Ulsan, 21 June 2016. In the South Korean port of Ulsan, the first delivery of heavylift and oversized equipment has been made for ethylene cracker unit to be installed at the ZapSibNeftekhim polyolefin production facility, which is currently under construction. While certain types of equipment for ZapSibNeftekhim are not produced in Russia and have to be sourced from abroad, others are being manufactured locally at Uralkhimmash, Kamkabel and ZAVKOM Industries. Equipment delivery contracts have been signed with companies from over 35 regions across Russia.
1st Ulsan shipment includes five columns, including two C3-splitters which are 106 meters long, 6.8 meters in diameter and weighting 917 tons each. The equipment is being transported on a unique ship equipped with two heavylift cranes with a lifting capacity of 900 tonnes each. The ship is designed under Arc 4 ice class, which is fit for sailing via the Northern Sea Route. The equipment has been shipped by sea through the Indian Ocean and the Suez Canal, from where it will travel across the Arctic Ocean to the transshipment ports along the Northern Sea Route. In those ports, the columns will be transshipped onto special barges for further delivery to the industrial port of Tobolsk down the Ob’ and Irtysh rivers.
During the 2016 Arctic navigation season, four ships are expected to arrive carrying 58 units of heavylift and oversized equipment from South Korea, China, Japan, Italy and Germany with a total volume of 60,000 freight tonnes. The delivery will be managed and handled by the Russian companies Deugro Projects, Volgo-Baltic Logistic, Central Marine Research Institute, Belfreight, Sovfracht, Morwenna Shipping Company, Ob Irtysh River Shipping Company, Mammoet Rus and others. In 2017, railway and air transport will be used as well.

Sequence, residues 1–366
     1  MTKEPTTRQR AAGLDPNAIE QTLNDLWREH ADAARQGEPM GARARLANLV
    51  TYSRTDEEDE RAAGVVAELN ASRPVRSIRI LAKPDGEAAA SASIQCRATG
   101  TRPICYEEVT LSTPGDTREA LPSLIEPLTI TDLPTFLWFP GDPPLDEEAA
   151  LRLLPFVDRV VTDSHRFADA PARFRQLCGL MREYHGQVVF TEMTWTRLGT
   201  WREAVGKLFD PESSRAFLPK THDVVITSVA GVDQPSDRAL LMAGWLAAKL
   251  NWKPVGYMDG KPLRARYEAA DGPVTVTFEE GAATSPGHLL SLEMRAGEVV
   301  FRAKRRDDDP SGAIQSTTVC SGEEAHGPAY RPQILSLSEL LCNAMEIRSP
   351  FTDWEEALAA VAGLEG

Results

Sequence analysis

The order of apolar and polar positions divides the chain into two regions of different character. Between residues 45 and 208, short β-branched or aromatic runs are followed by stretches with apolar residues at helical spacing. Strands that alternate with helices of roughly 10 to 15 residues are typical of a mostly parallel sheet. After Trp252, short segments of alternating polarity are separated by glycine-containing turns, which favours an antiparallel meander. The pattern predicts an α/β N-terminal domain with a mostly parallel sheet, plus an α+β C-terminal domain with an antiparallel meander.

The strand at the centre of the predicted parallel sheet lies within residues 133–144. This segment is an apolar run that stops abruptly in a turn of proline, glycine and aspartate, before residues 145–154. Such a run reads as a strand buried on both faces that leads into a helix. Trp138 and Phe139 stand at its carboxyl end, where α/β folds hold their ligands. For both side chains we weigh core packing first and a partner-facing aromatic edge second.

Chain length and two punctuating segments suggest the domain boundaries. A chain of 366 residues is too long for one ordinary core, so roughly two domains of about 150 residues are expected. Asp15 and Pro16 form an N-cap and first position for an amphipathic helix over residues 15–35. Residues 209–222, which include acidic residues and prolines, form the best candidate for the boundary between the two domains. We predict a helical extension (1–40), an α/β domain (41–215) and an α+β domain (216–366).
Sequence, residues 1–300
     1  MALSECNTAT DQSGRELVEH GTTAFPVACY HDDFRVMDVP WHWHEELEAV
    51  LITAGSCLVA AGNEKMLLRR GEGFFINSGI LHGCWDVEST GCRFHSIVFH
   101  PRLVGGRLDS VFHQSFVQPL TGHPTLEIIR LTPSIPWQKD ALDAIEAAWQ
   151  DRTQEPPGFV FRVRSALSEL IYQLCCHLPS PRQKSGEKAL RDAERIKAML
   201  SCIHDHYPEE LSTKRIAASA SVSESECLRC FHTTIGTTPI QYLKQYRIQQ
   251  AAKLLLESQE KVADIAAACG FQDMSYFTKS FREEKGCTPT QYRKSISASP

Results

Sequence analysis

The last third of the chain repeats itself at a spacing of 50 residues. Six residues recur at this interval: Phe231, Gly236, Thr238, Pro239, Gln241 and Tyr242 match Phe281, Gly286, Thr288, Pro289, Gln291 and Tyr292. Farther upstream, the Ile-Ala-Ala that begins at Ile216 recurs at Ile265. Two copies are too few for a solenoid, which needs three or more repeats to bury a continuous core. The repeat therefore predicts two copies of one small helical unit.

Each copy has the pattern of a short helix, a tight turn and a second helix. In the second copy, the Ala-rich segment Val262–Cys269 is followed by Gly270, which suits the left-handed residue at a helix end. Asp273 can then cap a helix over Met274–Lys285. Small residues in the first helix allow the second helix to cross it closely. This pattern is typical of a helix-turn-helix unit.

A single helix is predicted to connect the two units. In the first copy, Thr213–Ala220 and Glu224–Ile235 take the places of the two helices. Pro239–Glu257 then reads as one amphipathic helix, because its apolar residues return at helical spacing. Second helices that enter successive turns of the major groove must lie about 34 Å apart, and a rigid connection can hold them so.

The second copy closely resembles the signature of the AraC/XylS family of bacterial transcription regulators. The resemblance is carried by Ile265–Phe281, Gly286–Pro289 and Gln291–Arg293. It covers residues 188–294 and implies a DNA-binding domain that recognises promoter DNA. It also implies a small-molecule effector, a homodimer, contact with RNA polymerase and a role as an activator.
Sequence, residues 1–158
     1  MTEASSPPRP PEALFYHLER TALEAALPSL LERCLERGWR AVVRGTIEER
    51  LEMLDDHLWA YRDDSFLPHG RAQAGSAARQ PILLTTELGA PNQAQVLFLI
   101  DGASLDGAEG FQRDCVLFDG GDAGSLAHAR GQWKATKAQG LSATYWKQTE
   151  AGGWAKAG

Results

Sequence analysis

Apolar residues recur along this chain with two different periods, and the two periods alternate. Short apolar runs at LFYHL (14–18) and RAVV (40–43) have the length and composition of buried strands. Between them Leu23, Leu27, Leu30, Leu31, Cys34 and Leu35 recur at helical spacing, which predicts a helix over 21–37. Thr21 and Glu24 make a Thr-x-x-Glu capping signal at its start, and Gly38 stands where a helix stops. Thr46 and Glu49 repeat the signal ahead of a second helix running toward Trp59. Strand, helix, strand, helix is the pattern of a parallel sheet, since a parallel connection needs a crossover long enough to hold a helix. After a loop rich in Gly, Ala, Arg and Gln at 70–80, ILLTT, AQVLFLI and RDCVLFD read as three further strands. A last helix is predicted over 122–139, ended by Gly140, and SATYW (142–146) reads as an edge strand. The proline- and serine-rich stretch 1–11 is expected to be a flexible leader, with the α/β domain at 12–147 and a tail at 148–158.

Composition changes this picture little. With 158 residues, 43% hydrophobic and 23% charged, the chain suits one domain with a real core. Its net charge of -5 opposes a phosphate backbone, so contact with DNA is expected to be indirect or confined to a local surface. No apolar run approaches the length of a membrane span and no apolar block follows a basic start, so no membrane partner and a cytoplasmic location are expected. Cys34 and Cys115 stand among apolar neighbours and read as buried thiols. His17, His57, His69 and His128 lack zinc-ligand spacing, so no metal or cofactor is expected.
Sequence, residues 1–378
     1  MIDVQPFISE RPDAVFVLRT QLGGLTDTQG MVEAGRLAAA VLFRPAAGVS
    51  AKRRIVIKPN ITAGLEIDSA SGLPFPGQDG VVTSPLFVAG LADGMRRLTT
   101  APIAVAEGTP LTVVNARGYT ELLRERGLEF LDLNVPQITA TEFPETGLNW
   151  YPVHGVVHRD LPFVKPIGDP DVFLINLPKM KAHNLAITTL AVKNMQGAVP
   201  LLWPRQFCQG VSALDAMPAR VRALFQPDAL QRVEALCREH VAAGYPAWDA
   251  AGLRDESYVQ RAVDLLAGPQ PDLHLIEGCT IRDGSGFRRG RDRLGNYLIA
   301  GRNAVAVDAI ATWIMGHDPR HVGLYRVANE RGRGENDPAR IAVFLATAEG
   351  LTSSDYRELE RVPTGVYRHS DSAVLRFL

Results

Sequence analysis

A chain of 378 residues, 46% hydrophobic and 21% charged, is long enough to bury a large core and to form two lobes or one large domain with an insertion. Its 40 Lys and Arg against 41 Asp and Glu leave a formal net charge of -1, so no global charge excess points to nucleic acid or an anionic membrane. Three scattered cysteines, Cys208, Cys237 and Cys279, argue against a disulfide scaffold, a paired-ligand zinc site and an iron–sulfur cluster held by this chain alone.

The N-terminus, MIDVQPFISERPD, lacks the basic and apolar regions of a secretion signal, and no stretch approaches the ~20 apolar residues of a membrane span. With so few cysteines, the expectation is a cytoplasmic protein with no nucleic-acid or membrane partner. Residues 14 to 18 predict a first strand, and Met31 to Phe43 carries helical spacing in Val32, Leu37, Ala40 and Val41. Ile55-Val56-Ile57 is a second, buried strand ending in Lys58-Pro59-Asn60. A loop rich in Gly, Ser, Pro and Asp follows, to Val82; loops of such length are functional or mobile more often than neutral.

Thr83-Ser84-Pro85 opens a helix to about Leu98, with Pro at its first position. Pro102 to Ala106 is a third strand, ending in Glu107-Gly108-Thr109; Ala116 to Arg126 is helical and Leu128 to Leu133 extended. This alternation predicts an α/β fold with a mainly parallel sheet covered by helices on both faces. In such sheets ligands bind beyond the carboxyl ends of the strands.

Once onshore, the equipment will be loaded onto self-propelled module transporters (SPMT) for further carriage to the ZapSibNeftekhim construction site. To make the transportation of heavylift and oversized equipment possible, special infrastructure has been set up in Tobolsk: the industrial port revamped, parking spaces and interim equipment storage sites prepared, the transportation route and enroute power transmission lines rearranged, detour roads designed and built to enable the convoy to bypass various utilities and railway infrastructure.
International Media Relations